Flow cytometric analyses of PBMCs
Cells were transferred to FACS tubes (Nunc) and blocked for unspecific binding in phosphate-buffered saline with 0.5% (wt/vol) bovine serum albumin (cat. no. 12659; Calbiochem, now part of EMD Biosciences, Inc., San Diego, CA, USA), 0.09% (wt/vol) NaN3 together with 10 μg/mL murine IgG and 10 μg/mL bovine IgG (cat. nos. 015-000-003 and 001-000-003; Jackson ImmunoResearch, West Grove, PA, USA). Cells were stained with either biotinylated mouse IgG1 mAb to CD18 (KIM185) or biotinylated mouse IgG1 isotypic control in combination with streptavidin-FITC (Dako). According to the manufacturer’s instructions, mouse IgG1 anti-CD163 PE antibody (clone MAC2-158, cat. no. CD163-158P; Trillium Diagnostics), mouse IgG2a anti-CD14 ECD antibody (clone RMO52, cat. no. PN IM2707U; Beckman Coulter), mouse IgG1 anti-CD16 APC antibody (clone eBioCB16, cat. no. 17-0168; eBioscience, San Diego, CA, USA), mouse IgG1 anti-CD3 ECD antibody (clone UCHT1, cat. no. A07748; Immunotech, Beckman Coulter), and mouse IgG2b anti-CD56 antibody (clone c5.9, cat. no. R7251; Dako) were used for subanalysis of the PBMCs, and the Live/Dead staining (cat. no. L10119; Invitrogen) was used for viability. All samples were analyzed within 24 hours by using an FC500 with CXP software (Beckman Coulter) and FlowJo software version 9.6 (Tree Star Inc., Ashland, OR, USA).
In vitro culture experiments with PBMCs
For in vitro culture experiments with PBMCs, the cells were thawed and cultured in RPMI medium supplemented with 10% (vol/vol) FCS, penicillin, streptomycin, and glutamine. To study differences in spontaneous CD18 shedding between SpA and HC unfractionated PBMCs, the cells were incubated at a concentration of 1 × 106 cells/mL. To study differences in spontaneous CD18 shedding from PBMC subsets, T cells (cat. no. 130-091-156; Miltenyi Biotec, Bergisch Gladbach, Germany), NK cells (cat. no. 130-092-657; Miltenyi Biotec), and monocytes (cat. no. 130-091-153; Miltenyi Biotec) were isolated by negative selection in accordance with the instructions of the manufacturer and incubated at a concentration of 1 × 106 cells/mL. In all PBMC experiments, cells were cultured for 48 hours at 37°C in a humidified incubator 5% (vol/vol) CO2 without changing of medium. After incubation, supernatants were stored frozen at -80°C for later sCD18 analysis with TRIFMA.
Gaussian distributed measures were presented by the mean value, whereas measures with a non-Gaussian distribution were presented by the median value as indicated. Prior to analyses for statistical significance, the plasma sCD18 levels were log-transformed. Comparisons of the plasma sCD18 levels between groups of unpaired and paired samples were made by using the Student t test in the unpaired and paired modes, respectively. Correlation analyses between disease activity parameters and the plasma sCD18 levels were performed with the Pearson correlation for measures with a Gaussian distribution and with the Spearman correlation for measures with a non-Gaussian distribution. Multiple regression models were made with the plasma sCD18 levels and disease activity parameters correcting for age, disease duration, HLA-B27 status, and treatment at time of inclusion. The same analyses were made after additional correction for CRP. All cell culture experiments were analyzed with non-parametric statistics. The Mann-Whitney U test was used for unpaired comparisons, the Wilcoxon signed rank test was used for paired data, and the Spearman correlation was used for association studies. A two-tailed P value below 0.05 was considered significant. Calculations and graphs were made with Stata version 11.1 (StataCorp LP, College Station, TX, USA) and GraphPad Prism version 5 (GraphPad Software, San Diego, CA, USA).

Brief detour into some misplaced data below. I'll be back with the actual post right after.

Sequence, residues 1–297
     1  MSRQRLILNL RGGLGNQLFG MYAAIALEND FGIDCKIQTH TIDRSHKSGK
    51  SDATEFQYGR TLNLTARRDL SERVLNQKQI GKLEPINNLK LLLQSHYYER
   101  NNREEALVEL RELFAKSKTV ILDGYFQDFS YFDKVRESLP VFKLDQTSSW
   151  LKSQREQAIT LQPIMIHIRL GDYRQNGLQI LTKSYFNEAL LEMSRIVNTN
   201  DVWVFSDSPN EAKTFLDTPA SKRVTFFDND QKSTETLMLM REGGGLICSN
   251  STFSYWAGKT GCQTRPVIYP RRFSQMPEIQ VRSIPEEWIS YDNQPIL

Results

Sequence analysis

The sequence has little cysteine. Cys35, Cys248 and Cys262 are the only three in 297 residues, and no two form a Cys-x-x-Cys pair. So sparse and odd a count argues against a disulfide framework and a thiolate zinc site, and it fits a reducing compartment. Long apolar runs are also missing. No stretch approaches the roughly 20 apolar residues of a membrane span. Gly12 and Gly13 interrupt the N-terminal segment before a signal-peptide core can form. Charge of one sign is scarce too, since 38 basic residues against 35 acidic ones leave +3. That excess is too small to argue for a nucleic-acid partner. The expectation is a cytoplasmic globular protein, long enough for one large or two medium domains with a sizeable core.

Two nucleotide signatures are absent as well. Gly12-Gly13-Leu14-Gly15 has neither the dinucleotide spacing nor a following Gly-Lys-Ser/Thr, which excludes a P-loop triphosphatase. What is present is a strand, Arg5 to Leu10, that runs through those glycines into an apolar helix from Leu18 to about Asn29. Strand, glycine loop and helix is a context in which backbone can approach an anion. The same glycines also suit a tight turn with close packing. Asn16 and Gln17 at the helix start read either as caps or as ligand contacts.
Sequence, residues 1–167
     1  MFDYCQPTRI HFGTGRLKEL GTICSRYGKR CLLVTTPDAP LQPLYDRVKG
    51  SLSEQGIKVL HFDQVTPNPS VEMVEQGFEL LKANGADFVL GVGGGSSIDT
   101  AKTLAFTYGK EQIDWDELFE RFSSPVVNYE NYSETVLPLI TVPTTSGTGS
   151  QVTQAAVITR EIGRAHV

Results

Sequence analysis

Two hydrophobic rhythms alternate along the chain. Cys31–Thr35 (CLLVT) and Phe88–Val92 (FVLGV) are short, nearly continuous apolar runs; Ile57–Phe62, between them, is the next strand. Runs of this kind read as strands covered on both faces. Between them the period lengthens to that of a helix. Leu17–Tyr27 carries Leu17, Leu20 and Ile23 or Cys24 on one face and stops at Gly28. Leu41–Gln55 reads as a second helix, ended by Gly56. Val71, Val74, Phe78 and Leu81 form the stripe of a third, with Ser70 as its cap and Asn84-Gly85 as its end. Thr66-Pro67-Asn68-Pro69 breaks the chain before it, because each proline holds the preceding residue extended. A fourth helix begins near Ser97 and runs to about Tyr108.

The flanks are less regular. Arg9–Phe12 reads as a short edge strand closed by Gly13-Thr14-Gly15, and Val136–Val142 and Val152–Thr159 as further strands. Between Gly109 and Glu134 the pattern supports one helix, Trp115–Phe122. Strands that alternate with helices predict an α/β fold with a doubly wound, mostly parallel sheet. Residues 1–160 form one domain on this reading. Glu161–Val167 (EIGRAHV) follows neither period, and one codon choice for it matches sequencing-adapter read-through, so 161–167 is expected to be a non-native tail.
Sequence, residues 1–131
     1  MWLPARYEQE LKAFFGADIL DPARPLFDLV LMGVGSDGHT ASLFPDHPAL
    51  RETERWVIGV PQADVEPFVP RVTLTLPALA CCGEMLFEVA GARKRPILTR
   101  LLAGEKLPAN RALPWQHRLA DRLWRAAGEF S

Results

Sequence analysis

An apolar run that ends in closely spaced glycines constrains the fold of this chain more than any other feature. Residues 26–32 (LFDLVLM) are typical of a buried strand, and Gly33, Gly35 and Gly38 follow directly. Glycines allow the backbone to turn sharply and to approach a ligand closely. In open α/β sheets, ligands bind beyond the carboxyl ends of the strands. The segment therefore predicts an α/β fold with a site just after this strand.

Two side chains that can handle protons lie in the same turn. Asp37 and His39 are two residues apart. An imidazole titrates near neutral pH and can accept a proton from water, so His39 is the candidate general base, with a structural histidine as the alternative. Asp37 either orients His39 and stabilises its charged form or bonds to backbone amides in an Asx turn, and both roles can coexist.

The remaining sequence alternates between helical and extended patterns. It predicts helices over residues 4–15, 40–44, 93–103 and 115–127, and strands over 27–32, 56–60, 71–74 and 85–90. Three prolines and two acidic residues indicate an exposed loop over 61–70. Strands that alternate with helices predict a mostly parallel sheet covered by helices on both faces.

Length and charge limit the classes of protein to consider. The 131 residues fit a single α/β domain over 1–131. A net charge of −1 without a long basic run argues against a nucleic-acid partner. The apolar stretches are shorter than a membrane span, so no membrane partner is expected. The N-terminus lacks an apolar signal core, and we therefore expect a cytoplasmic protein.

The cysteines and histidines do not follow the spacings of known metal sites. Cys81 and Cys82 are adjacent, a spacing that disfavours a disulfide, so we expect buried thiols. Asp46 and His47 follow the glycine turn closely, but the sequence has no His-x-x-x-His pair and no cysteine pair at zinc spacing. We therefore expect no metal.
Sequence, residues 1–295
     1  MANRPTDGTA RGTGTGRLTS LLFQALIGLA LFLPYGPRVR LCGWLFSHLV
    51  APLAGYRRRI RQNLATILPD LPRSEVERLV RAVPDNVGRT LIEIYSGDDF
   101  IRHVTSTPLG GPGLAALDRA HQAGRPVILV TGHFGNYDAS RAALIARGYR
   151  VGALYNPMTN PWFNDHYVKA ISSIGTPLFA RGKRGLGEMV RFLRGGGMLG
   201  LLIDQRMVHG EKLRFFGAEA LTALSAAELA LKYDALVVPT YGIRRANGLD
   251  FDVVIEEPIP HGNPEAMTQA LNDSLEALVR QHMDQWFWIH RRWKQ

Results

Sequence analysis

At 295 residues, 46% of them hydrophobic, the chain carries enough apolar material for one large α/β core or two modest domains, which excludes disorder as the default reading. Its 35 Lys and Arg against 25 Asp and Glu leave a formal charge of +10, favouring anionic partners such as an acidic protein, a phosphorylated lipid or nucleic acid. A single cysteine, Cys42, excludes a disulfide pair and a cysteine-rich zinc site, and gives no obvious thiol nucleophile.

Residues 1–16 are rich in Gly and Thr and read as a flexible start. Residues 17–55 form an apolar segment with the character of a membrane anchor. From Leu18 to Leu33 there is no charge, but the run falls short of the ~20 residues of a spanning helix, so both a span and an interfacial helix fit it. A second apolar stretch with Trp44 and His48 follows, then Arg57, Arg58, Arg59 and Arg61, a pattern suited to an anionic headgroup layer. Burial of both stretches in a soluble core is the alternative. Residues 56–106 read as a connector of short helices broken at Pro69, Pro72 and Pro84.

Approval of studies using human samples
All SpA samples were collected in the out-patient clinic in Aarhus University Hospital or in the Aarhus Rheumatology Clinic private practice. All samples were obtained after informed written consent according to the Declaration of Helsinki and approved by the Research Ethics Committees of Central Jutland (project numbers 20050046 and 20058432) and the Danish Data Protection Agency.
The plasma level of sCD18 was lower in SpA patients compared with healthy controls
The plasma level of sCD18 was negatively associated with disease activity and decreased in HLA-B27-positive SpA